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This post is for those of you who have heard about Power BI but haven’t had a chance to explore it yet. You probably know there is value in your data and want to display it graphically. You may even have some great charts already built out but you need had hoc reporting. Maybe you just like to play with data. In any case, let’s you and me take a few minutes to jump right into Power BI together. What do you say?

You can either use the Power BI desktop application or connect to Power BI online. Since we’re just familiarizing ourselves with Power BI, we don’t want to download anything just yet. Go to and sign in with your organizational account. Go ahead. I’ll wait.

(Ok, I’m just going to pretend like you’re following along… Slacker.)

Good job, we’re in! Let’s start playing with some data. Do you see that yellow button at the bottom left of the page that says, “Get Data”? Click it. From here we can connect to our data. If you don’t have any data sources to connect to, don’t worry; we’re going to use the sample data Power BI has provided. First though, let’s check out our options: We can either choose to connect to a content pack, which has a bunch of reports pre-built for us, or we can start from scratch with our own databases and imported files from say, Excel.


Let’s focus on content packs to see what’s possible with Power BI. Click on the yellow “Get” button below “Services”. Take a moment to browse through all the services that directly integrate with Power BI. If you have any of these services you can click on the corresponding tile to get all of your related data sliced and formatted onto a single dashboard. The out-of-the-box dashboards are typically pretty comprehensive and allow for individual customization.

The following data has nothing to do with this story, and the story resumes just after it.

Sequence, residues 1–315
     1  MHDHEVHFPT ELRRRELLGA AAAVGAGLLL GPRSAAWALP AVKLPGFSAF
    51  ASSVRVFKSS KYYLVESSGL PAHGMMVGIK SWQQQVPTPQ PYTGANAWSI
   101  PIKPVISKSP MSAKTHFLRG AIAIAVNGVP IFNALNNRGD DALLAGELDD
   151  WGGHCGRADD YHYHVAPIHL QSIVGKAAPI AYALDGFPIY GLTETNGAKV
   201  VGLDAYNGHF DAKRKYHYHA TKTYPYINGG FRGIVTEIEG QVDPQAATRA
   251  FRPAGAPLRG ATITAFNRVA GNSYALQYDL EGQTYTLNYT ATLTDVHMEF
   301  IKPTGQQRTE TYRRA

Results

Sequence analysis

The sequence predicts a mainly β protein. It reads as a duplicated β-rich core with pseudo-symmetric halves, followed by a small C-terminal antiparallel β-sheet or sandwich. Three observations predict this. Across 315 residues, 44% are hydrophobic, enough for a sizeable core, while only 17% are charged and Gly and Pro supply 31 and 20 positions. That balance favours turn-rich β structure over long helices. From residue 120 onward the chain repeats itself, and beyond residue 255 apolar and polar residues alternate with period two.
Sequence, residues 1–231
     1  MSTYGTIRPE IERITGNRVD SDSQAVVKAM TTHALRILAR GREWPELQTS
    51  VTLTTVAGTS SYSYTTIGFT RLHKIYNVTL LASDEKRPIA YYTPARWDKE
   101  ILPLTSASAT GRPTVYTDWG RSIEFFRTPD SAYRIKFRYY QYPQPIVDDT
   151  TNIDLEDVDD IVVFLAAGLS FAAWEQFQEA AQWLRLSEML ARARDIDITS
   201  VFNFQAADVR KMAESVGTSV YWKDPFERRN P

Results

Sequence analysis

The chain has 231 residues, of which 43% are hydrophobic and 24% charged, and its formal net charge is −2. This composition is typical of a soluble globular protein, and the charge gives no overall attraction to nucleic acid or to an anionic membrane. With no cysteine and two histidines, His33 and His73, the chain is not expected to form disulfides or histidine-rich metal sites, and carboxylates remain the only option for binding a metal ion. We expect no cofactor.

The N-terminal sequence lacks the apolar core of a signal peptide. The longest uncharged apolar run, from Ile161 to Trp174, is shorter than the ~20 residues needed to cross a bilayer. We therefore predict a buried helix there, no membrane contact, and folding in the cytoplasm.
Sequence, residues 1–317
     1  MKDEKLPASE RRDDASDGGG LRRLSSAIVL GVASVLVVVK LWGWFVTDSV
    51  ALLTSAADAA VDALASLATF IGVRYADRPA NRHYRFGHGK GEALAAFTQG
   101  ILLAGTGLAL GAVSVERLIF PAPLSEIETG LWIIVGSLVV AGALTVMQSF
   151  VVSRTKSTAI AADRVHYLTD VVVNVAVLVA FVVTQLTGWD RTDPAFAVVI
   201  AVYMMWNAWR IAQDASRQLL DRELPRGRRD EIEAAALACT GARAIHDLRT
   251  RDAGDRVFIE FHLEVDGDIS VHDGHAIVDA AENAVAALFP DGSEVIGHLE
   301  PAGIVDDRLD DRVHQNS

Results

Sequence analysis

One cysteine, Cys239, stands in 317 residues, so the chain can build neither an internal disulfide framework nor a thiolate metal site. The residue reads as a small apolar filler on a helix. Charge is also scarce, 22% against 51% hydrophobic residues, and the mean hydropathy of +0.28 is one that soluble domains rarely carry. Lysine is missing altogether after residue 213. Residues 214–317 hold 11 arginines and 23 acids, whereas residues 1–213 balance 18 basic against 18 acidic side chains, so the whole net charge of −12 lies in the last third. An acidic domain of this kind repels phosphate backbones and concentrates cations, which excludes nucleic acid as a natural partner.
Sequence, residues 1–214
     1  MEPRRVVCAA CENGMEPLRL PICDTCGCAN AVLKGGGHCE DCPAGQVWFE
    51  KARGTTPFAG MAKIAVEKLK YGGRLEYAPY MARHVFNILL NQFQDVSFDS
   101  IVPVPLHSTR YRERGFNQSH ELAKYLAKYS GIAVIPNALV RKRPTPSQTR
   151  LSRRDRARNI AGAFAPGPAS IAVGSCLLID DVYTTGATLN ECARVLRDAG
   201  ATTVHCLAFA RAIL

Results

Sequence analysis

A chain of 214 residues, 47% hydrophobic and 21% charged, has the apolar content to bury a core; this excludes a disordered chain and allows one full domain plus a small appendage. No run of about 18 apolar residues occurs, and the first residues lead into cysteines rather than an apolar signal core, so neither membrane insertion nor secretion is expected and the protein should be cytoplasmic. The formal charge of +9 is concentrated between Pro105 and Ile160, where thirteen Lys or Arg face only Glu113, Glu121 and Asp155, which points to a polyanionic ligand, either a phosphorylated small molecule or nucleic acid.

We won’t worry about connecting to a service just yet because Power BI provides sample content packs for us to explore. On the left side of the page under “Content Pack Library” click “Samples”.


This will take us to a collection of sample content packs we can play with. Let’s check out the Supplier Quality Analysis Sample. Click on the tile then click the yellow “Connect” button that appears. Now we’ve got a dashboard! Under “Dashboards” on the left side of your screen, select Supplier Quality Analysis Sample. Whenever something new is added there will be a little yellow asterisk next to it. Do you see it?


Now you have a bunch of stuff to play with. Move the tiles around. Resize them. Click on them to drill in. Pretty cool, right? Now ask let’s ask it a few questions. Type, “Show total defects by month” into the textbox at the top of your dashboard. That’s right, it sliced the data and presented you with a visualization based on your natural language question. Let’s try another one. How ‘bout, “What are the total defects in logistics by city?” Awesome. Now, suppose we want to add this report to our dashboard. Just click the thumbtack icon next to the search box and click the yellow “Pin” button. Go back to your dashboard and scroll to the bottom to see your new report. Ok, one more. Type in, “Average downtime by category”. The resulting bar graph is good but I’d prefer a pie chart here, wouldn’t you? Glad you agree. So let’s change it. Click “Visualizations” on the bar spanning the right side of your screen. Now click on the little pie chart icon. Sweet, we got a perfectly pinnable pie chart to add to our dashboard!


Keep messing around to get a better feel of what Power BI can do. Later we will explore how to harness the real power behind Power BI: your data. We will build custom reports and dashboards from scratch. We will apply filters and design for aesthetics. Until then, I hope you got an intuition of what’s possible and satiated your Power BI curiosity!

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